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Turning Points in American History
Terms in this set (22)
The Treaty of Paris ended the French and Indian War. The British won control of all land west to the Mississippi River, including Florida. This British victory left the colonists with no foreign enemies on their immediate borders. It was at this moment that the British, in need of money to pay for past wars and the costs of administering their newly expanded empire, chose to impose new taxes on the colonies. The colonists saw no reason to pay taxes for protection they felt they did not need. Thus began the clash that ended in the American Revolution.
The Declaration of Independence marked the first time in history that a colony had boldly asserted independence from a mother country. Winning the war was necessary, however, to make independence a reality. The Declaration of Independence, as a document, justified the separation on the grounds of violations of the colonists' natural rights and asserted that "all men are created equal." This statement, also not reality at the time, has served as a standard by which we judge how far we have come and how far we have to go to achieve real equality in America.
Ratification of the Constitution of 1787 gave the United States a "more perfect union" than had been possible under the state-dominated Articles of Confederation. The Constitution, based on the principles of federalism, separation of powers, checks and balances, representation, and flexibility, created a firm foundation for the growth and development of the United States.
In the "Revolution of 1800," the Democratic-Republicans, after a heated struggle, won the presidency and control of Congress. The new nation survived this critical change of power from the business-oriented, aristocratic, central-government friendly Federalists to the more agrarian, democratic, and state-friendly party of Jefferson without violence.
Both the Louisiana Purchase and the Supreme Court decision in Marbury v.Madison had major importance for the future. Acquisition of Louisiana gave the United States control of the Mississippi River, which it needed for commercial reasons. More important, it doubled the size of the country, assured the downfall of the Federalists (their power base was back east, so as the country grew away from them, power slipped away from them), foreshadowed the sea-to-sea expansion of the USA, and required Jefferson, who had previously opposed the use of the elastic clause (first national bank) to take a step toward a loose interpretation of the Constitution. The Marbury case set the precedent for judicial review and raised the Supreme Court to a position of equality with the President and Congress.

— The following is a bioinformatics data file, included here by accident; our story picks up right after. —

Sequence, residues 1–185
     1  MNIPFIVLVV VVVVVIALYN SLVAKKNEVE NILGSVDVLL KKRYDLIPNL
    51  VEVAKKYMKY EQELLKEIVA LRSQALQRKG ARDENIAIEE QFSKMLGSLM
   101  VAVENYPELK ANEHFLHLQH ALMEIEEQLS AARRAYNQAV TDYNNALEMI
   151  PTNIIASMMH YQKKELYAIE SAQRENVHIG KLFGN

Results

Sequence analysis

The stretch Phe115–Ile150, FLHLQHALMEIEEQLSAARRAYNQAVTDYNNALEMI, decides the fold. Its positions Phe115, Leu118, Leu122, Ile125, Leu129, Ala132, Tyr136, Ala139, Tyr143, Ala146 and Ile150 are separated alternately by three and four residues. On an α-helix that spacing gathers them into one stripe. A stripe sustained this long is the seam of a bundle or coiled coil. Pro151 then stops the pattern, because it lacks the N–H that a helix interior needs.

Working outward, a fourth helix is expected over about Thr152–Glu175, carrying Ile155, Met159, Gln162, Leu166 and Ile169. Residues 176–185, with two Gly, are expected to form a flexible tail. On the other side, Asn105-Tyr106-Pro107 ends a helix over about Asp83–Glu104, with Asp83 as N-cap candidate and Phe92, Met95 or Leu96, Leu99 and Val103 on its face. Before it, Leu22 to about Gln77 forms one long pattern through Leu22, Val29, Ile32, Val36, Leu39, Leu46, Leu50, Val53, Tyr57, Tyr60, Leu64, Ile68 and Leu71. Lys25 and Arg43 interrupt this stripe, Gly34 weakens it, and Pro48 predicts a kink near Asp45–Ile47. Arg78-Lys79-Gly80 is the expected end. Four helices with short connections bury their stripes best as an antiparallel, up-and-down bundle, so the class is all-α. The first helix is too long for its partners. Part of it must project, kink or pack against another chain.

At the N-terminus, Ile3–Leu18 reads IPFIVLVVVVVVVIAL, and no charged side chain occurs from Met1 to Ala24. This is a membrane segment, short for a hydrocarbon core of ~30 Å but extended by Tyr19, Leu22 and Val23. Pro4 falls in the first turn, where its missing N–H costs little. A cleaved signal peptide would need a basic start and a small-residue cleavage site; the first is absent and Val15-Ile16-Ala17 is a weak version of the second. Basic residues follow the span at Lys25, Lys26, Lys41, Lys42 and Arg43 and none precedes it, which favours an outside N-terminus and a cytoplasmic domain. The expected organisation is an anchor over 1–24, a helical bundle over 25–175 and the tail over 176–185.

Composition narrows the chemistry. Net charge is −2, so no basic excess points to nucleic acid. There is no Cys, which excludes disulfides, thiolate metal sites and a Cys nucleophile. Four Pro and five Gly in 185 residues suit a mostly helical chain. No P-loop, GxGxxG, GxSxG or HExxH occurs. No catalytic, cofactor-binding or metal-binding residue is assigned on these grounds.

The Treaty of Ghent, ending the War of 1812, resulted in a return to the status quo antebellum. While it did not represent a victory for the United States, it did have important consequences, among them an increase in nationalism, a chance to pursue westward expansion relatively unhampered by Indian resistance, encouragement of American manufacturing, disappearance of the Federalist party, and a strengthening of isolationism (with pursuit of American interests, such as Monroe Doctrine) that kept us out of major foreign wars for a century.
The Treaty of Guadalupe-Hidalgo, which ended the Mexican War, gave the United States control of the vast Mexican Cession (half of pre-war Mexico!). Acquisition of this territory revived the slavery issue that seemed to have been put to rest by the Missouri Compromise but would soon play an important role in leading us into the Civil War. The Treaty also created lasting resentment of the powerful United States among Latin American countries.
The outbreak of the Civil War ended any chance to settle the slavery issue peacefully. In dividing the Union, it also threatened to destroy our experiment in republican government: had the odds finally caught up to us? (Historically, republics had only worked in small, homogeneous places, and even then they generally didn't last very long.) In forcing a showdown between the northern and southern interpretations of the Constitution (Who created it? What kind of union did it create?) it set the stage for the resolution of a long-simmering constitutional controversy.
The end of the Civil War and the death of Lincoln had major consequences. Among them was the battle between Johnson and the Radical Republicans over the direction of Reconstruction and the fate of ex-slaves in American society. Tensions between North and South increased rather than abated.